Gonzalez v. Fire Insurance Exchange
234 Cal.App.4th 1220
Jessica Gonzalez (“Gonzalez”) filed a complaint against Stephen Rebagliati (“Rebagliati”) and nine other members of the De Anza baseball team, asserting causes of action including false imprisonment, invasion of privacy, slander per se, battery, sexual battery, rape, conspiracy, and negligence, among others. She alleged she was sexually assaulted by an unknown number of men at a party while she was unconscious in a room in which Rebagliati, and the other named defendants, were present.
Rebagliati was covered by a homeowner’s policy issued by Fire Insurance Exchange “FIE”) which provided coverage for “damages which an insured becomes legally obligated to pay because of bodily injury, property damage or personal injury resulting from an occurrence to which this coverage applies.” The term “occurrence” was defined in pertinent part as “an accident including exposure to conditions which results during the policy period in bodily injury or property damage.” Rebagliati was also covered by an umbrella insurance policy issued by Truck Insurance Exchange (“Truck”), which stated it would pay damages resulting from an “occurrence”, which was defined in pertinent part as “a. with regard to bodily injury or property damage, an accident” or “b. with regard to personal injury, offenses committed during the policy period”.
Rebagliati assigned his contractual rights against Fire and Truck to Gonzalez as part of a settlement agreement. In 2011, Gonzalez filed a bad faith action against FIE and Truck pertaining to their denial of coverage for Rebagliati’s defense. Rebagliati’s claim was denied under both primary and umbrella policies on the grounds that (1) none of the alleged conduct was the result of an ‘accident’ or ‘occurrence’; (2) all claims were excluded by a sexual molestation exclusion because they were all inextricably intertwined with the actual sexual molestation; (3) the policies excluded coverage for punitive damages; and, (4) the claims all involved willful conduct and were excluded by the intentional acts exclusion and Insurance Code section 533. Fire and Truck moved for summary judgment and both motions were granted by the trial court. Gonzalez appealed.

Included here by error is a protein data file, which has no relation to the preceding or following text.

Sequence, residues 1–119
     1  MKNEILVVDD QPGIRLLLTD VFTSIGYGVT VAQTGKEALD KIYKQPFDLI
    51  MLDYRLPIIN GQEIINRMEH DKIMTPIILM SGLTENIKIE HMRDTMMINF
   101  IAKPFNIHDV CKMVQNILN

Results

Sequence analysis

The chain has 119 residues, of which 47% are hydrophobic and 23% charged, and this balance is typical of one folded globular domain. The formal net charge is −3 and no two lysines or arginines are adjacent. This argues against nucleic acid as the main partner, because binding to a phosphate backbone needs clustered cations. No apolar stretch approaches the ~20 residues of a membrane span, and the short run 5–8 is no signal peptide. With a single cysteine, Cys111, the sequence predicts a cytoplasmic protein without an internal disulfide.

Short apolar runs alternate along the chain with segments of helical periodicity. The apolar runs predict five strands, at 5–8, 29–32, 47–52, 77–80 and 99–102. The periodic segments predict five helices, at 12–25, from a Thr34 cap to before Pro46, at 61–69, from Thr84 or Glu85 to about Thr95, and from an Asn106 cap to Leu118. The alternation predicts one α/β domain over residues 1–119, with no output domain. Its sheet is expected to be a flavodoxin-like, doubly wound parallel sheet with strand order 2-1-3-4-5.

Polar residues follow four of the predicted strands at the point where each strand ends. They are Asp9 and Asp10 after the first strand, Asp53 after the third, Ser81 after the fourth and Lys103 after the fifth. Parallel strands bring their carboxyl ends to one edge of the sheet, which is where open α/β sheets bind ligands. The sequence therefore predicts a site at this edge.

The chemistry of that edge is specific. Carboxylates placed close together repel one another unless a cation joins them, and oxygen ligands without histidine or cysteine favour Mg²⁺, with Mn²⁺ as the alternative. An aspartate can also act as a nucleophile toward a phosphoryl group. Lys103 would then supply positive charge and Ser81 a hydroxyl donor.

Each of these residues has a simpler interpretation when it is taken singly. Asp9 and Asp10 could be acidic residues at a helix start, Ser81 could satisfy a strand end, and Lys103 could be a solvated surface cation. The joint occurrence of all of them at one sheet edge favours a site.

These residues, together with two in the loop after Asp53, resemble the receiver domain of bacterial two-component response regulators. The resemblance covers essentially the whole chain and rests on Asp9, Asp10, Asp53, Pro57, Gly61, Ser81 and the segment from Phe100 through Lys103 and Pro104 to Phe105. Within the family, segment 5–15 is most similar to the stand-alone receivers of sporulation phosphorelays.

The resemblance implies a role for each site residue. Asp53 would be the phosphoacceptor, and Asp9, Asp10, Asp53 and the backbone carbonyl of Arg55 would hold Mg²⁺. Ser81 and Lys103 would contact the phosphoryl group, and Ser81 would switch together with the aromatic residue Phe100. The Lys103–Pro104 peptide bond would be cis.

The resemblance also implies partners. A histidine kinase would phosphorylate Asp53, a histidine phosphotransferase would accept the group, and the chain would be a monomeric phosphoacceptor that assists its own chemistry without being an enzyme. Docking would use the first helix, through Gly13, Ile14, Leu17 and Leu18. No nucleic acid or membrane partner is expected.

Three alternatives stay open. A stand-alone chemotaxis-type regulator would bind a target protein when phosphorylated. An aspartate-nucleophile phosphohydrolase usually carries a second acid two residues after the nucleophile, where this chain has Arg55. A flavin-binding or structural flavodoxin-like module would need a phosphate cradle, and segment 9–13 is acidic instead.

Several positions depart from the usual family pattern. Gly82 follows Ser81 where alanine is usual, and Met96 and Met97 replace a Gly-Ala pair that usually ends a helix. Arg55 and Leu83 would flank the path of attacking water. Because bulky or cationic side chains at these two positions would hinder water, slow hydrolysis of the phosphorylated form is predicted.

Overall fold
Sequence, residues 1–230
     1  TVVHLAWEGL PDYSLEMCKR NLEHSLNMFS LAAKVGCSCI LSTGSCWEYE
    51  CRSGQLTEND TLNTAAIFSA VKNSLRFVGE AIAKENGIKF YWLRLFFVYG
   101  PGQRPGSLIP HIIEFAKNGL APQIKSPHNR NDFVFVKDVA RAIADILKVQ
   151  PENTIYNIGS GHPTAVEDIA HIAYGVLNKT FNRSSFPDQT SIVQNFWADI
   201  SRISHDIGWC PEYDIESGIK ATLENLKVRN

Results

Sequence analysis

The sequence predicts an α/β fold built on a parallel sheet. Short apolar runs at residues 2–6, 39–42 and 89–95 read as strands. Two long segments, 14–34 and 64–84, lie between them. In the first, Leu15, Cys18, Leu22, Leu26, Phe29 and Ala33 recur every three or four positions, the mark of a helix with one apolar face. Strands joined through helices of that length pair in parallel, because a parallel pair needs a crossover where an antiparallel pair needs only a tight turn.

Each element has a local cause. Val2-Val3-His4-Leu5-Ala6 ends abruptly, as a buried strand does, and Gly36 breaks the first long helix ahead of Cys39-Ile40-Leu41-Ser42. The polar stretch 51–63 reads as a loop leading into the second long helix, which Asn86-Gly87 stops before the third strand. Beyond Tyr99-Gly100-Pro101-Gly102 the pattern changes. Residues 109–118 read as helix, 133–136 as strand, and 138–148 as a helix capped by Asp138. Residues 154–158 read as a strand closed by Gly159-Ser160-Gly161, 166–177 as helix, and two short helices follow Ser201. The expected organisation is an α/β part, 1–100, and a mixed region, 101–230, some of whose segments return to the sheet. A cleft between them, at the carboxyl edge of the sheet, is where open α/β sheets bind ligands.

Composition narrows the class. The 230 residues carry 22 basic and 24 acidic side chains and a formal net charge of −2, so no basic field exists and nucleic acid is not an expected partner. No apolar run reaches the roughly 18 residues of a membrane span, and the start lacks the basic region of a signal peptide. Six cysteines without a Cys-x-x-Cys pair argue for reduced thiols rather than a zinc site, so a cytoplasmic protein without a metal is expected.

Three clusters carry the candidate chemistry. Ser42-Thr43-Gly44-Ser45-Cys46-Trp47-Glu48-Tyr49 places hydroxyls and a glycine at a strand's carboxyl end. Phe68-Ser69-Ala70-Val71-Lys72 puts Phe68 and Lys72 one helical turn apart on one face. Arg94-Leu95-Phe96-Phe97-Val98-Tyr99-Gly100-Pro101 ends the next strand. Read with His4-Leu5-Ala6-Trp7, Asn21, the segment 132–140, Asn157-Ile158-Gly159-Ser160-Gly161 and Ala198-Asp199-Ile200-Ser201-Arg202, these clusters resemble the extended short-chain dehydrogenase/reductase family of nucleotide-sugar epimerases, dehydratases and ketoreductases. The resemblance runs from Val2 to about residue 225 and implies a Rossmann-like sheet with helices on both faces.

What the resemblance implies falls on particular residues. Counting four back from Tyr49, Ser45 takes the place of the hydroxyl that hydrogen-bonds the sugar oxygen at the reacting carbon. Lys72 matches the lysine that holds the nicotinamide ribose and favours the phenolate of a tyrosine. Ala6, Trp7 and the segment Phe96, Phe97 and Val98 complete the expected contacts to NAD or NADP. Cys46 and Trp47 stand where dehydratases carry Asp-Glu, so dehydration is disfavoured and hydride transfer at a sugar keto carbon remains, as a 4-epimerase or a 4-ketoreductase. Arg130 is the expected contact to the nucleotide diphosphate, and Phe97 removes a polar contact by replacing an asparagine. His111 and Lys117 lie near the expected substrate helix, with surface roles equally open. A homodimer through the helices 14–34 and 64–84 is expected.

The Court of Appeal agreed the claims were not covered by the primary FIE homeowners policy. The FIE policy covered “those damages which an insured becomes legally obligated to pay because of bodily injury, property damage or personal injury resulting from an occurrence.” “Occurrence” was defined as an accident. Thus, the occurrence requirement applied not only to the bodily injury and property damage coverages, but the personal injury coverage as well. The Court of Appeal adopted the reasoning set forth in Lyons v. Fire Ins. Exchange (2008) 161 Cal.App.4th 880, which involved the same policy wording and where the court had concluded the personal injury coverage was subject to the occurrence/accident requirement along with the bodily injury and property damage coverages.
The Court of Appeal held the FIE policy unequivocally defined the term “occurrence” as an accident, and the court would not re-write the policy. The Court of Appeal then held Gonzalez’s complaint did not allege an “accident” under the definition of the FIE policy. The Court of Appeal found Gonzalez’s claims, including negligence, false imprisonment, invasion of privacy, and slander per se, did not constitute an “accident”, because the facts underlying each of the claims showed Rebagliati’s actions were intentional. Thus, there was no duty to defend under the FIE homeowners policy.